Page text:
Golden Girl’s Frozen Hibiscus Margarita, makes 2 servings

4 oz Blanco Tequila (or split 1:1 tequila/mezcal)

1 oz Clement Creole Shrubb (or any orange liqueur or your choice)

1 oz hibiscus syrup

2 oz fresh lime juice

1.5 oz Ā 2:1 strong demerara simple syrup

20 oz ice

Measure all ingredients, toss intoĀ blender.Ā Add ice last, blend until SMOOTH, pour into serving vessel and garnish with aĀ largeĀ bouquet of mint, an edible orchid and a jumbo-sized straw.

Hibiscus syrup: Latin markets and health food stores probably carry dried hibiscus leaves called jamaica, it’s cheap, usually $5 for a large bag. They make aĀ gorgeous dark pink syrup with some tannic acidity. This syrup is great in cocktails, add it to a soda water, in your tea, on iceĀ cream, etc. …Ā 

To make the hibiscus syrup:

1 cup dried jamaica

1 cup water

1 cup sugar

Add ingredients to a small/medium size saucepan over medium heat, stirring until sugar has dissolved and it comes to a boil. Remove from heat and let steep for 1 hour. Strain mixture. Syrup should keep for 1-2 weeks in a refrigerator.

Strong demerara simple syrup:Ā Demerara syrup adds a deep, rich sweetness to cocktails. You can use a regular granulated simple syrup for this recipe, but will need to add about 1.5 times as much inĀ order to get the same amount of sweetness. We are using a double strength version for this cocktail because we areĀ trying to cutĀ down on the amount of water in the final product. if you alreadyĀ have a 1:1 demerara on hand, just double the amount in the recipe to 1.5 oz.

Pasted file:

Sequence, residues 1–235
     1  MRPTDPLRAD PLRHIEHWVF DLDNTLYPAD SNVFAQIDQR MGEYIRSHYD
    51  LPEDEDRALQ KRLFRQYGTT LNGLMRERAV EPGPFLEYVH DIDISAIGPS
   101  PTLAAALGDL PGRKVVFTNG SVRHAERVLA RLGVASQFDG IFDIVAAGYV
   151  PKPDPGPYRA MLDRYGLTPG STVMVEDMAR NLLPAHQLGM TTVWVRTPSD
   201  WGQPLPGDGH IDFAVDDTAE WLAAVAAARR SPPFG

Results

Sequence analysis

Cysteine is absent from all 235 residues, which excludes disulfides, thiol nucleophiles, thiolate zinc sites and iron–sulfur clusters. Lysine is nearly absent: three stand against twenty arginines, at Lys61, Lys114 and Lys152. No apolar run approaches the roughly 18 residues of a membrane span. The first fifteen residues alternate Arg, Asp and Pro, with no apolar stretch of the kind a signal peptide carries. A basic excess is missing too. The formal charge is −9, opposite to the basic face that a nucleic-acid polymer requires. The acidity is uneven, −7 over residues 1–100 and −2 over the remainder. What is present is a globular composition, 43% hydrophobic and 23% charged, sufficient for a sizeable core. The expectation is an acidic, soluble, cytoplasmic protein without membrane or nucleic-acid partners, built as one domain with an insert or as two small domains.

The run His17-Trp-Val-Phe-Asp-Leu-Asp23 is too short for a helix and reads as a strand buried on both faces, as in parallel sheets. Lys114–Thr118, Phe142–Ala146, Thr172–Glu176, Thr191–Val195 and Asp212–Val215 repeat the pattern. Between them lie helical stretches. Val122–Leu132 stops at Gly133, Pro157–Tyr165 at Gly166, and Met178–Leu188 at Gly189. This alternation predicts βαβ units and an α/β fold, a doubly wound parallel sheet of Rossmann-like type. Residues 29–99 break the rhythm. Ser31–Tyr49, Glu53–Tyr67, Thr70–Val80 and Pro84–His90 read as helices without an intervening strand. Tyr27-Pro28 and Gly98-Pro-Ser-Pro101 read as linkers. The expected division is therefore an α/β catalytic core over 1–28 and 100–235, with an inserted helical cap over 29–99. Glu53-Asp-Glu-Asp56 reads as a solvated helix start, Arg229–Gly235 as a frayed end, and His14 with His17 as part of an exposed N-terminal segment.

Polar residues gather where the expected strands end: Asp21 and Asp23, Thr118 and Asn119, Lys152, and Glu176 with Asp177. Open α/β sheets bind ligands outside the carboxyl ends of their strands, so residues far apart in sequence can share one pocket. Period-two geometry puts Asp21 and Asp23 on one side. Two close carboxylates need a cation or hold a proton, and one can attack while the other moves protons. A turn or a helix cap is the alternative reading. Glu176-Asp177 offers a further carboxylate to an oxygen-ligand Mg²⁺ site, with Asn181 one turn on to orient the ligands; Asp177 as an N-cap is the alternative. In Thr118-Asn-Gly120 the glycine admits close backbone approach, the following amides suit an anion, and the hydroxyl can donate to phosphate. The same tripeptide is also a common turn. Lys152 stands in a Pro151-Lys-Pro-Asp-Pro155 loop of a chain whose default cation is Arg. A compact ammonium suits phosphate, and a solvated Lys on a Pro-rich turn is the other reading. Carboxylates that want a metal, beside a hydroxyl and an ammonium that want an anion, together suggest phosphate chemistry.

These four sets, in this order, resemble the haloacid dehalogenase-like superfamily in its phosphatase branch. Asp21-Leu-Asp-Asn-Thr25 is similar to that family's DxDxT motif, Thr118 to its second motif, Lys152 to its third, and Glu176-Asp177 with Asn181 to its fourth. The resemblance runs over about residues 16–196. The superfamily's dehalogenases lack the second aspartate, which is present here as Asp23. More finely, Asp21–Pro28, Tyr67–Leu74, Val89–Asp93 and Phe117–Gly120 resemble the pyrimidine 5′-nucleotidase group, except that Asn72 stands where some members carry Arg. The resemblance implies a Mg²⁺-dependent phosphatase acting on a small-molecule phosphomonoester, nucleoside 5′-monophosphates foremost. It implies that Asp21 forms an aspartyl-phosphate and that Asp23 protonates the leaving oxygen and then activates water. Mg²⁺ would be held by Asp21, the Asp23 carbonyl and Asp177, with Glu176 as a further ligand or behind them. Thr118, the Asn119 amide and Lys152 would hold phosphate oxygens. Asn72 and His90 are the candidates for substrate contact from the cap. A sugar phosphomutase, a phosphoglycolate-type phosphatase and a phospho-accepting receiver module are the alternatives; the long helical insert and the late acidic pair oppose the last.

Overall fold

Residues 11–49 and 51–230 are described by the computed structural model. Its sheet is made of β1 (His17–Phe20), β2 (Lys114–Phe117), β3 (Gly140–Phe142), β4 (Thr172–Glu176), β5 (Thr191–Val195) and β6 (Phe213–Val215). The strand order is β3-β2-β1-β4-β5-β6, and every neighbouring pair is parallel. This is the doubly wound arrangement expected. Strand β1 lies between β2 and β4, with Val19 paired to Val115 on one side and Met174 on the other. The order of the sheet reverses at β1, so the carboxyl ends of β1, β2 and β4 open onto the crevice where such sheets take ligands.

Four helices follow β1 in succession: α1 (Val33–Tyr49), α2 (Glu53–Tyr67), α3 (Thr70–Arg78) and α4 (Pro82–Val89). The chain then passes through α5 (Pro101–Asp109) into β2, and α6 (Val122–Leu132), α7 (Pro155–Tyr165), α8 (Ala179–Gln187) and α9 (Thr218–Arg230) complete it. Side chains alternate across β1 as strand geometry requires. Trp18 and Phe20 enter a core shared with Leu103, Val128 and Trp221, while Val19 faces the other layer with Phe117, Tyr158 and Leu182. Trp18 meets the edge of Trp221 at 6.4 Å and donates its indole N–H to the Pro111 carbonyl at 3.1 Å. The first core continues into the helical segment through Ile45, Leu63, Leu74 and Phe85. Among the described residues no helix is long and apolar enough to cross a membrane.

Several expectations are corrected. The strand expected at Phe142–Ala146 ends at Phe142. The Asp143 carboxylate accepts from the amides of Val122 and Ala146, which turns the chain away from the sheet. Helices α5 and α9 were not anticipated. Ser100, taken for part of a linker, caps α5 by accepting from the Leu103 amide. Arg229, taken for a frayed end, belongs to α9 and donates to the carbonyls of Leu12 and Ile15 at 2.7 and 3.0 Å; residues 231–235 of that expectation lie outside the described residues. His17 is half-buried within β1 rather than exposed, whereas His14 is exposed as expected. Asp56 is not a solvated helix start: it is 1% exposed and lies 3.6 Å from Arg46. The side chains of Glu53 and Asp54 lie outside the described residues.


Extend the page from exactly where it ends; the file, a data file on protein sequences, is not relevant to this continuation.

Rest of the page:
To make the demerara syrup:

1 cup boiling water (we use a hot pot or heated water from a stovetop)

2 cups turbinado sugar (sugar in the raw)

Add ingredients to a container and stir until sugar is dissolved. Be careful, it’s HOT! Allow to cool before continuing with the recipe.

We go heavy on the garnish because we are here to impress, and we understand the importance of the use of the olfactory sense when drinking cocktails. A largeĀ bouquet of mint (slap it in your hand to release the oils) will be the icing on the cake with this cocktail. Flowers can also take your drinks to the next level.Ā Edible flowers can be found in theĀ refrigerated herb section of most well stocked grocery stores. Grow your own mint if you can! During the summer, mint is a perfect addition to allĀ types of cocktails for a sensory extravaganza.

Everyone has their own flavor palate, so feel free to add more lime, more sugar, more hibiscus, or even more tequila, depending on your taste. Thanks for reading my first post. Hope this recipe keeps you cool and refreshed in these dog days of summer. –Ā Rogan

Credits // Author: Rogan Howitt, Photography: Emma Chapman. Photos edited with A Beautiful Mess actions.